Cover caps and protectors are also available and can help prolong the life of your hot tub cover.
Hot tub getting too hot
If you find that your hot tub is overheating in summer, don’t worry, there isn’t a problem with your tub. As the weather gets warmer, you may experience your hot tub rising a few degrees above the set temperature, but this is down to the electric motors as they generate heat. When the motors run, this heat is transferred into the hot tub water which raises the desired temperature slightly.
To prevent your hot tub overheating, you can do the following:
- Reduce filtering times – this can prevent your hot tub from rising above the set temperature, but don’t forget to change the settings back to normal when the weather gets cooler
- Schedule filtering times – either early morning or late at night, when temperatures are at their lowest
- Add shade – like mentioned previously, protect your hot tub by using a gazebo or parasol
Using your hot tub in summer
Your hot tub can be a great place to give yourself a refreshing boost on a hot day, but there are steps to take to ensure you don’t overheat as you bask in the sun.
Benefits of staying cool
There are ways you can keep yourself cool as well as the water you’re bathing in. You can use an ice-cold towel and place it on your forehead to avoid overheating while you’re in the tub, especially when the sun is at its highest during the day.
You should never get into the water straight after a vigorous workout. Allow your heart rate to return to normal and let your body cool down, a sudden change in temperature can cause light-headedness.
Make sure you stay hydrated with plenty of water, both during and after your soak. Sitting in the heat can be dehydrating so it’s important to keep your water levels up. It might be tempting to enjoy a glass of your favourite alcoholic beverage, especially if you’re having a get together with friends, but alcohol can dehydrate and overheat your body so try and keep this to a minimum.
Protecting your skin
Even if the temperature of your hot tub feels cool, water still attracts the sun. Make sure you protect your skin and cover your head with a hat. You could give yourself and others extra protection by adding shade to your hot tub set up with a gazebo or by simply using an umbrella or parasol. This can help cover up the tub too, so the water doesn’t absorb the heat as much.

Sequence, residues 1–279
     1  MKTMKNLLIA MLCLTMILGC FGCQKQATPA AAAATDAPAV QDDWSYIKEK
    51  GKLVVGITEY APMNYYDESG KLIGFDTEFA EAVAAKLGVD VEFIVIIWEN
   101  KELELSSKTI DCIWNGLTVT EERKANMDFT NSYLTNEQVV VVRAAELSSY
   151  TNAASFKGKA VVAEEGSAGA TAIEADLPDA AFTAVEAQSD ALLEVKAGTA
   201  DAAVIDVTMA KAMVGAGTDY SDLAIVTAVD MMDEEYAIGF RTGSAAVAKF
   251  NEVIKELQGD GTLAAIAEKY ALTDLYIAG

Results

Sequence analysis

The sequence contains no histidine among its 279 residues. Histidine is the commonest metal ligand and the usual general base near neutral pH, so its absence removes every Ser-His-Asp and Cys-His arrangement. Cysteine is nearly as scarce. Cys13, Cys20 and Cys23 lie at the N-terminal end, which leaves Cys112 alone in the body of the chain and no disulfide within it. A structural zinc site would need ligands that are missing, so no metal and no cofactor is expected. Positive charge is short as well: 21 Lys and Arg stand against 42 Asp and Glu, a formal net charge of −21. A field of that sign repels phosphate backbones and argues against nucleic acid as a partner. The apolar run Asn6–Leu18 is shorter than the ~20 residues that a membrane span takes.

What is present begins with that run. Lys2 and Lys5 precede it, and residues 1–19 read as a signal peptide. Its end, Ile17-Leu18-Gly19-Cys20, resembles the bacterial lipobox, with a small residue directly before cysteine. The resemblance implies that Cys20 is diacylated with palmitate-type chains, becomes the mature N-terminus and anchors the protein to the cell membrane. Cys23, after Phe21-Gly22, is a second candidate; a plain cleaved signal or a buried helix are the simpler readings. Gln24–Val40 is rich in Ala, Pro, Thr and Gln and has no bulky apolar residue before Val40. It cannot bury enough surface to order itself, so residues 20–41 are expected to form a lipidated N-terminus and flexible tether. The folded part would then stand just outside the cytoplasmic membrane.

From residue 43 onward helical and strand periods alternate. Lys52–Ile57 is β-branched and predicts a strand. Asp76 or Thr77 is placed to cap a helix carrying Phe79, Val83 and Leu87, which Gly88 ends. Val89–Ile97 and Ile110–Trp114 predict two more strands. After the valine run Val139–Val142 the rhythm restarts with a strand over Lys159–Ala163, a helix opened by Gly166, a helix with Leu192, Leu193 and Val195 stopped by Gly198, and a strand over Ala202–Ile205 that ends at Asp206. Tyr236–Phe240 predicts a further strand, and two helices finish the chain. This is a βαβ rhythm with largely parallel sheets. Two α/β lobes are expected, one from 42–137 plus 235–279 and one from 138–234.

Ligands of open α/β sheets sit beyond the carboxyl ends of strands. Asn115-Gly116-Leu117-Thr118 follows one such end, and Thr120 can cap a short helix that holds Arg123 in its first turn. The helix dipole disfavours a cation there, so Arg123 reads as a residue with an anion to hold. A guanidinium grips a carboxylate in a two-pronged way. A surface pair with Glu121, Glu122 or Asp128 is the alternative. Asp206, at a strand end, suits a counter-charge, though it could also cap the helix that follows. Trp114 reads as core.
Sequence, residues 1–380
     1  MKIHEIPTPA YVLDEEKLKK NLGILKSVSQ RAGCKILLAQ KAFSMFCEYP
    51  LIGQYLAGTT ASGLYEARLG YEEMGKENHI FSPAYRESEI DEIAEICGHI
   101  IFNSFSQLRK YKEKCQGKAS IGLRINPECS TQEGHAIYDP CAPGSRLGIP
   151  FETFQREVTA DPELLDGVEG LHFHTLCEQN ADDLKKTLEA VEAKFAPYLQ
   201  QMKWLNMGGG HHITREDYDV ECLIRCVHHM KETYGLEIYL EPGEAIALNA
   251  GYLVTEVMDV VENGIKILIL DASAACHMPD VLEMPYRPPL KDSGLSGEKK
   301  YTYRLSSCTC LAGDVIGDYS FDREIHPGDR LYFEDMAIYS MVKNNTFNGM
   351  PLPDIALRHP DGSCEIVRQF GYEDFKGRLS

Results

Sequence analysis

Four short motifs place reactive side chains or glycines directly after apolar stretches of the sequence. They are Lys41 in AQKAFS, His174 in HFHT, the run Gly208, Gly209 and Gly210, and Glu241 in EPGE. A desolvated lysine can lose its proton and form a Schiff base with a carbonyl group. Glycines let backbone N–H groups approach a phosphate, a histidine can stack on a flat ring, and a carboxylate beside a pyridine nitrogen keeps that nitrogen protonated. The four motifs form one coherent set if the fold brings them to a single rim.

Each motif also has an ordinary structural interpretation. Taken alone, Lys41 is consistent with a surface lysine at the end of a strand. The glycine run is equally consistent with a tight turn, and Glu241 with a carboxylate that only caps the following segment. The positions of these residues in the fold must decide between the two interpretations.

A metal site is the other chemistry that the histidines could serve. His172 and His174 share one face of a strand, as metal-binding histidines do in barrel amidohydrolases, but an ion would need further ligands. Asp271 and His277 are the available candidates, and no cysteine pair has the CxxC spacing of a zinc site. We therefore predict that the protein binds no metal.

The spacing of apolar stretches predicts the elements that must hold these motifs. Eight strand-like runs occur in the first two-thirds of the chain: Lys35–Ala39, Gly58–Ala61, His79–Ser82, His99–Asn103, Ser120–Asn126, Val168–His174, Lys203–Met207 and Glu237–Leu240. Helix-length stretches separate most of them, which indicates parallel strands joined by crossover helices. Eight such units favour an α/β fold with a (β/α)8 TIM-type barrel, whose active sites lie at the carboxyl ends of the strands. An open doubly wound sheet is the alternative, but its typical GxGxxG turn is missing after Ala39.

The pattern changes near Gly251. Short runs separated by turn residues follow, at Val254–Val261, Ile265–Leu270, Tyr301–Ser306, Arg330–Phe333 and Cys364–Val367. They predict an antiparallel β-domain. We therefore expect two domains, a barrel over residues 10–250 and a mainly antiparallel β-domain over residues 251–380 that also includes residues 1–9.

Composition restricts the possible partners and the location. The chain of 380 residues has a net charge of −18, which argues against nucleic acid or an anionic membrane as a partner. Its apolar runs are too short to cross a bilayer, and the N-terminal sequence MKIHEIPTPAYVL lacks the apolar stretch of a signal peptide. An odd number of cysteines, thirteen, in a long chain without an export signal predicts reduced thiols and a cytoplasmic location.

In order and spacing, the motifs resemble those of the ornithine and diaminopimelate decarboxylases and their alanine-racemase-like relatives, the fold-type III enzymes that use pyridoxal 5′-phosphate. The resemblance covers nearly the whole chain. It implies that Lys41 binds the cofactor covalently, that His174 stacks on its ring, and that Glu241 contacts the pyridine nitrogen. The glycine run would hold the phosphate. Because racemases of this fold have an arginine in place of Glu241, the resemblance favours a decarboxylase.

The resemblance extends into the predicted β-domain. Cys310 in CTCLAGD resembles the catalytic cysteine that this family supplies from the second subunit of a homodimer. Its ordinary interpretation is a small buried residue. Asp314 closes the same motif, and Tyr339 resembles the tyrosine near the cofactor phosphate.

Not staying in too long
Staying in your hot tub for too long could cause your body to overheat or lead to other health risks, especially if the temperature is set at the maximum of 104°F/40°C. Try and limit your time spent soaking to 15 to 30 minutes to avoid any potential heat-related health risks like heat stroke and exhaustion. If you want a longer soak, you should consider lowering the temperature of your hot tub to at least 93°F/34°C. If in doubt, or at any point you start to feel uncomfortable, you should get out of the tub straight away.
Considering a night-time dip
If the heat during the day is uncomfortable, why not opt for a night-time dip instead. The temperatures can drop significantly on an evening so it may be best to make the most of your hot tub at this time. You may want to consider adjusting the temperature of your tub if you do as the cooler temperature used during the day may be too low for the evening. If it’s a clear night sky, you may get lucky and be able to do a spot of star gazing!
There’s our list of top tips for using your hot tub in the summer, we told you it was possible! Using these tips will make your summer hot tub experience more enjoyable, as well as ensuring you stay safe in the heat.
If you’re reading this and you’re new to owning a hot tub, why not check out our hot tub beginners guide